Themes in art are often communicated through symbolism, allegory, or irony. There are a wide variety of art mediums, each having appropriate tools and processes for the production of artwork. Fluency in these mediums, and the use of the appropriate tools associated with working in these mediums, are components of art-making.

1.3.8.D.2

Apply various art mediaart mediums, technologies, and processes in the creation of allegorical, theme-based, two- and three-dimensional works of art, using tools and technologies that are appropriate to the theme and goals.

The classification of art into various art genres depends on the formal aspects of visual statements (e.g., physical properties, theoretical components, cultural context). Many genres of art are associated with discipline-specific arts terminology.

1.3.8.D.3

Identify genres of art (including realism, abstract/non objective art, and conceptual art) within various contexts using appropriate art vocabulary, and solve hands-on visual problems using a variety of genre styles.

Universal themes exist in art across historical eras and cultures. Art may embrace multiple solutions to a problem.

1.3.8.D.4

Delineate the thematic content of multicultural artworks, and plan, design, and execute multiple solutions to challenging visual arts problems, expressing similar thematic content.

Each of the many genres of art is associated with discipline-specific arts terminology and a stylistic approach to art-making.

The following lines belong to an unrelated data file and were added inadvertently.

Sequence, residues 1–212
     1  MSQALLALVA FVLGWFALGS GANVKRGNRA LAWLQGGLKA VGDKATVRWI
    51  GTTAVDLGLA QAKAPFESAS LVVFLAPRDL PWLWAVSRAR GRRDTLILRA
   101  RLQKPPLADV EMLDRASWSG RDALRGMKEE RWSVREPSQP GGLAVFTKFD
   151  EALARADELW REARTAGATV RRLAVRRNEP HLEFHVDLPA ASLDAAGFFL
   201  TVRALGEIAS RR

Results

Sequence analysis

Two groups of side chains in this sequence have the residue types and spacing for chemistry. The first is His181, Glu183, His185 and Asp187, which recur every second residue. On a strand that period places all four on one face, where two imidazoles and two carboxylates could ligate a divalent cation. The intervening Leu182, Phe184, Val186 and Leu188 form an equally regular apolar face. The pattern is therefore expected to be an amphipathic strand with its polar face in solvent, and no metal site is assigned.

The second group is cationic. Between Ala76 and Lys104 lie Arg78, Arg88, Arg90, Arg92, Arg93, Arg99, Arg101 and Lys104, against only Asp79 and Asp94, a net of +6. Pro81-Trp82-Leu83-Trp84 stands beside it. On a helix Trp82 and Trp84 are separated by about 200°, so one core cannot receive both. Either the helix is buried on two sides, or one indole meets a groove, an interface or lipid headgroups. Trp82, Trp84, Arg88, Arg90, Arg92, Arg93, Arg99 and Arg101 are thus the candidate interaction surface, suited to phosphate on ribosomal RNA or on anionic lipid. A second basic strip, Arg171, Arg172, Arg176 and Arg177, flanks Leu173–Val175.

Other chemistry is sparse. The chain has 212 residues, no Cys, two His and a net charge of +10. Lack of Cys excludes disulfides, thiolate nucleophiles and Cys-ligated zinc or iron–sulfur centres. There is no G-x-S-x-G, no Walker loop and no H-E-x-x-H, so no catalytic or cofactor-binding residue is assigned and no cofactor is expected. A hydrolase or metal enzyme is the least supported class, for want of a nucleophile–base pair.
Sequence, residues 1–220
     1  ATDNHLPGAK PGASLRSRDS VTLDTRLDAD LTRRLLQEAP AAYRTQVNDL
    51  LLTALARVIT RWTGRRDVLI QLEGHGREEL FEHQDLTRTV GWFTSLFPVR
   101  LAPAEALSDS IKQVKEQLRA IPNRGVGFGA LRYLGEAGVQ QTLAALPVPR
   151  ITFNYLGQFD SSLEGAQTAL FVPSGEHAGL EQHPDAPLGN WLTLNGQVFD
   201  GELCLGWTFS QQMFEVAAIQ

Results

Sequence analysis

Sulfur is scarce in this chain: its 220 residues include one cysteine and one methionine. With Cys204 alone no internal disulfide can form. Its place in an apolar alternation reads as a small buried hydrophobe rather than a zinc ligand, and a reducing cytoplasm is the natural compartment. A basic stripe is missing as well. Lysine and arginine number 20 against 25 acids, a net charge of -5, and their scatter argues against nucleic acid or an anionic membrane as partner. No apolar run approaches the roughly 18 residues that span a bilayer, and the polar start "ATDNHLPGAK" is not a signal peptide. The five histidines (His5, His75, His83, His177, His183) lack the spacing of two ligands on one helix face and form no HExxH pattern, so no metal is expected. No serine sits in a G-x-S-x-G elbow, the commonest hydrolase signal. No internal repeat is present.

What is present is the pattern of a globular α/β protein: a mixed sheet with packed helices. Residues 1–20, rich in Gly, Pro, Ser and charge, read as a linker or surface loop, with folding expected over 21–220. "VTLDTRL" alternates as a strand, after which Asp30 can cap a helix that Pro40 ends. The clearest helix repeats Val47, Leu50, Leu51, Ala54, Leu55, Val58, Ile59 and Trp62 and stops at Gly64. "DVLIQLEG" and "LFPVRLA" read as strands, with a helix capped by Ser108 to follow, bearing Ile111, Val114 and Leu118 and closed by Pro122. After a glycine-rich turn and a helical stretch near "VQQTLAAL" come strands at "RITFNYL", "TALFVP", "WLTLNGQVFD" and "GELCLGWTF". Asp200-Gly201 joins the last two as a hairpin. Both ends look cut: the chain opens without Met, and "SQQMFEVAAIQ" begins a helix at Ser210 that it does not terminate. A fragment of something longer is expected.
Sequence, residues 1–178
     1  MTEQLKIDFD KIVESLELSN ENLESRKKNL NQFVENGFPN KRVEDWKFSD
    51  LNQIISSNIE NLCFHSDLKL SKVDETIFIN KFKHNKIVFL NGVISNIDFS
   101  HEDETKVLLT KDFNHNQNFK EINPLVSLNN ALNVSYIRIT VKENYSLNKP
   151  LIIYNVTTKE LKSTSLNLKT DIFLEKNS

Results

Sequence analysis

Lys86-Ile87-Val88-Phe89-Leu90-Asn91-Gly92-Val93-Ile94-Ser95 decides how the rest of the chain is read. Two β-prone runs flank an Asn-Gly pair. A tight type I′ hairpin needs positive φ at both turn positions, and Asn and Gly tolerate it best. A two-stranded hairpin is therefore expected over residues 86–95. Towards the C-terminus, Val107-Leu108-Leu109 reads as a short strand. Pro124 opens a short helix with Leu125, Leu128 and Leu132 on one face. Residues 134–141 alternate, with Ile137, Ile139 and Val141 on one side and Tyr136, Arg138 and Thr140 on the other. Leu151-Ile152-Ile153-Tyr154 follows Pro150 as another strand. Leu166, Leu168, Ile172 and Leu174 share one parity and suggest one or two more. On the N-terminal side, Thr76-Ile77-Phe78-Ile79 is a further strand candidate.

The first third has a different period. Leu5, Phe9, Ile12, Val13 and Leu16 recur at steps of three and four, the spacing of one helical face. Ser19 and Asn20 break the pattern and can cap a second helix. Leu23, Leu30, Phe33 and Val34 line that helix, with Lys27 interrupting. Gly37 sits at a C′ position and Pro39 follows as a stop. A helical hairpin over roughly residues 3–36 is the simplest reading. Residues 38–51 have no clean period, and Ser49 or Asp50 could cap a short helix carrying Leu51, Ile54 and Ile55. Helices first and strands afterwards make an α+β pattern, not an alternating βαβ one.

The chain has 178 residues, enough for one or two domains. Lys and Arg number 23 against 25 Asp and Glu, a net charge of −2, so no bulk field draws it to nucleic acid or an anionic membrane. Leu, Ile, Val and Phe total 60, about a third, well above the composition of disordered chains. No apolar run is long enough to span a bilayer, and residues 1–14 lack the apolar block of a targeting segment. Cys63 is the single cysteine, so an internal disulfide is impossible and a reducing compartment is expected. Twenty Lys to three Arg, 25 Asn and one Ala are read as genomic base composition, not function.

1.3.8.D.5

Examine the characteristics, thematic content, and symbolism found in works of art from diverse cultural and historical eras, and use these visual statements as inspiration for original artworks.

The visual possibilities and inherent qualities of traditional and contemporary art materials (including digital media) may inform choices about visual communication and art-making techniques.

1.3.8.D.6

Synthesize the physical properties, processes, and techniques for visual communication in multiple art media (including digital media), and apply this knowledge to the creation of original artworks.

Students will…

  • Differentiate the expressive potential of line as visual communication that includes symbols, calligraphic letters and numbers (e.g., the Lascaux cave paintings, Jean-Michel Basquiat's graffiti art inspired paintings, the paintings of Paul Klee, Robert Smithson's massive earthwork Spiral Jetty extrapolated from ancient symbolism, sky writing, calligraphy, Egyptian hieroglyphics, etc.).  Use line to create ideographic artwork stemming from an examination of symbolic line in diverse cultures.